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PODCAST: Energy Efficiency Comes Last

Today, the three-legged stool breaks down and digests the recent podcast about insulation with Patrick Huelman

Tessa starts the discussion by talking about Patrick’s applied research and development in residential houses with the Building America Program that is led by the Department of Energy. This program focuses on energy efficiency and building performance issues, (durability, quality, affordability, comfortability, and indoor air issues) by upgrading the insulation in exterior walls. She shares the nationwide data about homes that could benefit from this project and the type of homes this can be applied to. They also talk about insulation R-values.

Reuben highlights that identifying the best method to retrofit an uninsulated wall depends on the type of the house, the design, materials, climate, and water management strategy, among others. He discusses the drill-and-fill method which he thinks is the best method. He also discusses other methods and the possible return on investment on energy costs. Bill asks why the concept of the perfect wall is not a priority among homeowners. He also asks about the best value-for-money method. 

As a takeaway from the session, Tessa shares that the order of changes and improvements in the house matters. She adds that before focusing on energy efficiency, interior issues should be addressed. 

For comments and questions, send an email at podcast@structuretech.com or visit structuretalk.com 


TRANSCRIPTION

 

The following is a transcription from an audio recording. Although the transcription is largely accurate, in some cases it may be slightly incomplete or contain minor inaccuracies due to inaudible passages or transcription errors.

 

Bill Oelrich: Welcome, everyone. You’re listening to Structure Talk, a Structure Tech presentation. My name is Bill Oelrich, alongside Tessa Murry and Reuben Saltzman. As always, your three-legged stool coming to you from the Northland talking all things houses, home inspections, and anything else that’s rattling around in our brain. Welcome to the show today, boys and girls. Tessa, Reuben, I hope things are well. On today’s episode, we are going to dig into part two of the Pat Hillman conversation. There are so many things to unpack in our last conversation with Pat. It’s like, where do you even begin? And initially, we were going to discuss his most recent research regarding residential building sites. But like any conversation with Pat, the depth and breadth of his knowledge hits you kind of in the face like you’re drinking from a fire hydrant. And so we’re kinda left spinning here from that conversation, and I bet many of you were as well. So on today’s episode, we’ll try to highlight some of our key takeaways, as well as dive a bit deeper into a few of the concepts that Pat was talking about. Tessa, we’re gonna lean on you heavily today, so let’s start out. How you doing? It’s been a bit since we’ve talked in person.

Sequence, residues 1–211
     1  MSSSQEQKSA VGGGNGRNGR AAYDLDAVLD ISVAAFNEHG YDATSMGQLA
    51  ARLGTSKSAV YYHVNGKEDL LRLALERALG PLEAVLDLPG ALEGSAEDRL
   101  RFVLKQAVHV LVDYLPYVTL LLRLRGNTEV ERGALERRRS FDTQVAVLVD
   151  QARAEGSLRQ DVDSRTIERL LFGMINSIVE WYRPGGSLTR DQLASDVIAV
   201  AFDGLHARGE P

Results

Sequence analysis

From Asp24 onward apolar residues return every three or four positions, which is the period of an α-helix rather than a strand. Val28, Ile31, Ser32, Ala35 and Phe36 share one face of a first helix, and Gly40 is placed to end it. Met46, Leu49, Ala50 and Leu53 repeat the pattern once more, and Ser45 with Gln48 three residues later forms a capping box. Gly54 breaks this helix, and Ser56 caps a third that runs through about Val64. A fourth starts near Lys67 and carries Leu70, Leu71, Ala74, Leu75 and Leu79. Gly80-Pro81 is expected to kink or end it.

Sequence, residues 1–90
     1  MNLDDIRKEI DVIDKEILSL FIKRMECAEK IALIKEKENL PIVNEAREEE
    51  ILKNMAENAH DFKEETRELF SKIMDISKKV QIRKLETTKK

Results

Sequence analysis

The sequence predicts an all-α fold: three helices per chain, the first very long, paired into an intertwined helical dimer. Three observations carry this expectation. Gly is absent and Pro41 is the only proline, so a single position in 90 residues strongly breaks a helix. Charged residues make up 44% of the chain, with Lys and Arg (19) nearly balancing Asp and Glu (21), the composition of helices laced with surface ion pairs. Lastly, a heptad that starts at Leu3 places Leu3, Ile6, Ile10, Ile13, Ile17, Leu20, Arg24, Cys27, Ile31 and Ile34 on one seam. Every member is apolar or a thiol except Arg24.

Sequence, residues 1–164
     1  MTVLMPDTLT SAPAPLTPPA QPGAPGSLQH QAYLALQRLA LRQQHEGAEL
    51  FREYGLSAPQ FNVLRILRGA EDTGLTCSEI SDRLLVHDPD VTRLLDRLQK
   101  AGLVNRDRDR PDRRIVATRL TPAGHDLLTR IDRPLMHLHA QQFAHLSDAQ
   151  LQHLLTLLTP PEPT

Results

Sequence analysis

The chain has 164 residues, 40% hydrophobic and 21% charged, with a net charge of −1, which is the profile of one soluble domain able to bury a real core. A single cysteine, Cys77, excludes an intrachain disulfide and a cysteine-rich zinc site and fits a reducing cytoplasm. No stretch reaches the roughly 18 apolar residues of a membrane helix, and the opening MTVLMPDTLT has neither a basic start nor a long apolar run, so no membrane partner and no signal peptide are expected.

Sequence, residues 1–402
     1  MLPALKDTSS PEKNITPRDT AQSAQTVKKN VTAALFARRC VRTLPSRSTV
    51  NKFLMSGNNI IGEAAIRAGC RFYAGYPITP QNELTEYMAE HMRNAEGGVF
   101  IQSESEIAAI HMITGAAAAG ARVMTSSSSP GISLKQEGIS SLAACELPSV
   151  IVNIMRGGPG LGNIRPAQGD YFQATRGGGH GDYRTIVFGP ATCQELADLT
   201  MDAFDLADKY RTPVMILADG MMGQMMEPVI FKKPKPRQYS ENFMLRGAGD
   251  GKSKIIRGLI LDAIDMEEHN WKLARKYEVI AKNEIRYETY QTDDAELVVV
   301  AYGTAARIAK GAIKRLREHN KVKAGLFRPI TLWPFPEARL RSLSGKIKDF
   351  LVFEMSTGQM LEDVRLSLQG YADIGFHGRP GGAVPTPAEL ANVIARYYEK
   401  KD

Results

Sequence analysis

Tessa Murry: Yeah, hey. Thanks, Bill. I’m doing well. I’m really enjoying this nice spring weather we’re having. I think I mentioned I was… I took a trip out to the East Coast with my family, and we were in Delaware for a weekend. It just rained the entire time we’re there, super cold and windy. And so finally getting to see some sun and some warm temperatures, which is nice. How’s your cabin doing up north? I know you mentioned there was a threat of flooding. Is that still going on? 

 

BO: Oh, there’s a threat of flooding, there’s actual flooding, and there is more to come. So I just read an update today, we’re breaking the 2014 flood level today, which was very high, and we’re expecting another 12 inches of water on the lake before it stops rising if the weather cooperates, which means we will be rivaling water levels not seen since 1950 on the lake. And it’s ugly for a lot of people. Thankfully, the things I have that are underwater right now are not very important. And we hope when the water goes down, they’re still there, but we’re very lucky. Not too many people are, which is sad, but that’s the way it is when Mother Nature decides to get extreme.

 

Reuben Saltzman: Yikes.

 

TM: I didn’t realize that was the worst flooding since 1950 up there.

 

BO: Yeah, combination of things, heavy snow, rain on top of snow, unending rain, bottlenecks in the drainage system. You add it all up, and it equals high water.

 

TM: And Reuben, how have you been doing? You’ve been traveling all over the place again, haven’t you?